The eye is capable of adopting to a large range of luminance, spanning about 14 decades. The adaptation, however, takes time, and once the eye is adapted, this range is reduced to four to five orders of magnitude. Objects that are brighter result in glare.

useful region

If the object luminance is too high or low compared to the adaptation luminance, the visual performance is impared.

Glare can not always completely avoided, neither is this necessary. In places where the visual performace is of secondary importance such as shopping centres, some controlled glare can actually be desirable to produce a visually stimulating and pleasent environment.

glare deliberately created

Sometimes, glare is a desired effect and
adds some sparkle and interest to the lighting

(Image courtesy of Marlin Lighting)

Based on the effect on people, glare may be put into either of two categories:

Discomfort Glare
If the glare sources are not too bright, they are merely a nuisance and do not directly interfere with vision. This condition is called discomfort glare.
Disability Glare
If the luminance of the glare source is much higher, disability glare arises. This causes the adaptation level of the eye to increase resulting in in a reduced contrast of the object.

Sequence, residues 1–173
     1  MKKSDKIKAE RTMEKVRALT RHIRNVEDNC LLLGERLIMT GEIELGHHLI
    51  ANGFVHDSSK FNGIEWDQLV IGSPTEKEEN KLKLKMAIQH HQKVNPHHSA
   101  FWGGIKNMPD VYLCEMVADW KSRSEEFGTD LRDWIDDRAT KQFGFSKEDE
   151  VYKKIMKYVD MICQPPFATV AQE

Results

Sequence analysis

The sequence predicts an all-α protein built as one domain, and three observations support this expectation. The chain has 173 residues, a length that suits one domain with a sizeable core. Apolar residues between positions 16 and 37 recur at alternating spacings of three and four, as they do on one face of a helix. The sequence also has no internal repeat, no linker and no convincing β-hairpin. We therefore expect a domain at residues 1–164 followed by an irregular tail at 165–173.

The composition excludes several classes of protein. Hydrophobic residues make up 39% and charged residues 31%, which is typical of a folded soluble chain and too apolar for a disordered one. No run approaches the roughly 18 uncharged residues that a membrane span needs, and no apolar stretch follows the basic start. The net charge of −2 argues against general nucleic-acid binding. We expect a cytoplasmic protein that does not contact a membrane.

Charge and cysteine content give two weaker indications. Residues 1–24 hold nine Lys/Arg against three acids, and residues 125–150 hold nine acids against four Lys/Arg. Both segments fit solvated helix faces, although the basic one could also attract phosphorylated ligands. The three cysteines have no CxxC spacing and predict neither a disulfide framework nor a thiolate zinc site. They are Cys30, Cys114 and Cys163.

Another approach to glare classification is based on the cause of the glare sensation:

Direct glare
This is caused by light sources such as candles, artificial light fittings, or windows.
Indirect glare
Even if the light source itself can not be seen by the observer, very reflective or glossy objects can cause bright splotches acting as indirect sources. In this case, a further differentiation may be made into
  • Reflected glare: The patches are so bright that they create discomfort;
  • Veiling reflection: The patches only reduce the contrast of the objectl
Waterstones1 Waterstones1 Waterstones1

This curved show window reduces reflected glare. Waterstones in Piccadilly, London

There are a number of different approaches to controlling and reducing glare. They are applicable to both, glare from artifical light sources, and daylight glare.

  1. Limit the luminance of the source in the direction of the eye;
  2. Screen the source from view;
  3. Re-position the work station so that the glare source is not in the field of view of the worker;
  4. Raise the background luminance against which the glare source is seen.
Imagine that surfaces on and around the task are mirror-like. If the person at work would see a light source reflected then in practice there may be reflected glare.